I cried most of the drive from Lexington to Cincinnati. Its a short drive, and we were early for our flight. My students didn't understand and I couldn't explain it.
I feel a particular connection to the hills of Northern Kentucky, it feels like home, it is home to me. My grandfather used to tell me that we were related to Daniel Boone, most certainly an exaggeration on his part. But I still feel a deep connection to this place.
The first crispness in the air Monday reminded me of Autumn in Southwest Ohio in those hills,a season that I won’t get here in Houston. The season and its reminder of the past was only a backdrop to the deeper sadness I felt on that drive.
I knew I wasn't coming back.
Lexington has long been an important locus of my debate experiences, as a student, graduate assistant and as a coach. I have even worked at tournaments in Funkhauser, running ballots, finding judges and laughing about it later in the hospitality suite. Perhaps it was the jarring lack of these touchstones, the remnants of my fondness for the place, that made the inhospitable character of the tournament this year so difficult.
The un-welcomeness I felt brought back for me how I felt in my first visits to the Kentucky tournament, when I was first beginning to enter the strange scary world of college debate. The foreignness of this place returned, unexpected, despite my best efforts of familiarity.
I cry in the women’s bathroom at debate tournaments. To hide my vulnerability from those who would prey on it. The space of the bathroom isn't entirely safe, but its the best I've found.
The best crying spot at the Kentucky Tournament is the Women’s bathroom on the first floor of the Classroom Building. I don’t know how many times I've gathered my thoughts and tears, the broken hopes, and lost dreams in that space.
The return to the tournament that follows the emotional release of crying is difficult, but the practice is part of my equipment for living in debate.
NB (I can create a full list of the most effective spaces for privacy and crying in women’s bathrooms for any and all who would want it, it will be on the wiki).
Was I crying for the loss of the place, for the loss of its memories, for the losses of my teams, for all the accumulated losses that can’t be named or remembered or thought?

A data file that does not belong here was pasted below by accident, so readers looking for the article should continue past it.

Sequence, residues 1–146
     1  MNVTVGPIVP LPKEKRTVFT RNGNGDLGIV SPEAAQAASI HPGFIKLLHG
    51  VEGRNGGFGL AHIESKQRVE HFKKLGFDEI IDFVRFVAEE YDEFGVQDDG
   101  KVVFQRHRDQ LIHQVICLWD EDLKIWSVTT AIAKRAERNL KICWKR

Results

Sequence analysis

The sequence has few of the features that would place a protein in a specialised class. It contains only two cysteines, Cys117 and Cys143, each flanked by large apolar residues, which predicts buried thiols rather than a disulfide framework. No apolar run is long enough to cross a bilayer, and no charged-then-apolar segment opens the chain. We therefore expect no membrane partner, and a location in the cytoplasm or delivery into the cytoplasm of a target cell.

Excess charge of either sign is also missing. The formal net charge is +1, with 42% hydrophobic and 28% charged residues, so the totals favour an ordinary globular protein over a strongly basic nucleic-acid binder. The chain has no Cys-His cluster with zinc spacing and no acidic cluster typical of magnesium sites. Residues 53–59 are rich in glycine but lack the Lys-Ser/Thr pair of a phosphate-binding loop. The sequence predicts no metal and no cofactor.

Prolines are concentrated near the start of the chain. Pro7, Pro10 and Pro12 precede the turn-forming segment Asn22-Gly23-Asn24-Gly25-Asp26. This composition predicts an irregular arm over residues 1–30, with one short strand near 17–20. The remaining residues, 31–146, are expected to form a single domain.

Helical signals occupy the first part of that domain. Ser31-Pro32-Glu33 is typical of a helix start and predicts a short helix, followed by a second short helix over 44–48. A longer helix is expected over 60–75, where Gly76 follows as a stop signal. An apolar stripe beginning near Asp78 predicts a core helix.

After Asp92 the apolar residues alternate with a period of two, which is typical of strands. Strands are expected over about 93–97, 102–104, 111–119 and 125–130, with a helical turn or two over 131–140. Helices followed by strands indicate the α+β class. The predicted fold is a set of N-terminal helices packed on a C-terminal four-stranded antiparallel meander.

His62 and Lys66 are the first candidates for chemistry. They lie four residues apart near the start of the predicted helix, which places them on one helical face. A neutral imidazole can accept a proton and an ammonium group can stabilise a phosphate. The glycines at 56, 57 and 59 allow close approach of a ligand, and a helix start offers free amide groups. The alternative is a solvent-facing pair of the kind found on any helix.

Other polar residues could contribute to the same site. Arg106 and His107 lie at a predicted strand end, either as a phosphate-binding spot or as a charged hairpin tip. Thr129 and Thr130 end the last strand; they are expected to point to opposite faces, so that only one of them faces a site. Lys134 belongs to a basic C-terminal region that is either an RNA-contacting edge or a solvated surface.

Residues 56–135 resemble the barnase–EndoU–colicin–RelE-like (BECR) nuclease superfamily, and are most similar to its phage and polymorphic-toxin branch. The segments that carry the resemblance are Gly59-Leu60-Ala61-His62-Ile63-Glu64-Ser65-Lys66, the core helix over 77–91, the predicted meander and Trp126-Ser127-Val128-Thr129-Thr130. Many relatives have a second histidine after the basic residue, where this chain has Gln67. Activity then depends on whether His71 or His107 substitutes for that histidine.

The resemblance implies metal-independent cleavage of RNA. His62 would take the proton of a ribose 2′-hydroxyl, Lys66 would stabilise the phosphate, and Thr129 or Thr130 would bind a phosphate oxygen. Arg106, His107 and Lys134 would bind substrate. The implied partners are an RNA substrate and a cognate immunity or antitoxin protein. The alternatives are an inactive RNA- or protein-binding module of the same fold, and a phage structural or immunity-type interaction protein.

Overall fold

I don’t think I can actually explain it. Here’s a list —
- Seemingly incommensurate positions, staked on students, teams, coaches and tournaments.
- Disinterested and uncaring responses to real pain, frustration and anger.
- The cool apathy of those in positions of privilege.
- Elijah, Nadia, Jamilia, and all the names that were unspoken.
- Josh, Nick, Danny, Nader.
- Corey & Jide, Tyler & Andrew.
- Ross’ profound absence.
I was crying about my inability to speak these things, to say the names. To tell their stories. To honor their vulnerabilities. I felt alone, out of place and without the familiarity, the safety, the comfort I once felt in Lexington.
These comforts are privilege . I always thought that the debate community could provide those comforts to all who need them. I was crying because it seemed like maybe I was wrong.
Dr. Patterson (as I've heard, but never experienced) has always insisted on playing the Stones’ “You can’t always get what you want” in between the announcement of every decision at the Run for the Roses. I always thought that the tradition was odd but just part of the way things were.
Now, I understand it to be much more than a empty practice.
You can’t always get what you want — e.g. the win, the argument, the points, the awards, the invite.
The tournament built by JW demonstrated quite clearly that you weren't getting what you want. Particularly at the Clay: want more food? Too bad. Want a round robin invite? Yea, not happening.
But if you try sometimes, you get what you need.
The thing we need, that Lexington symbolized for me, that seems to have been lost, is the space for discussion, lively debate, friendship, competition and so much more.
This year’s Round Robin and Clay were a failure of the song’s second clause. Were these things something that had been available previously? Perhaps only for a few. But I was profoundly struck by the absence during the tournament and cried for this loss on the way home.
I believe that we aren't trying and as a result failing to serve our students, our community and ourselves.
Getting what we need
I’m not sure that I won’t go back to Lexington, I may. But much like Heraclitus’ observation that you can’t step in the same river twice, I will not be going back to Lexington as I encountered it this weekend or as it once was.
How do we get what we need? The problems in debate seem insurmountable, but as Mick reminds us, all we need to do is try sometimes.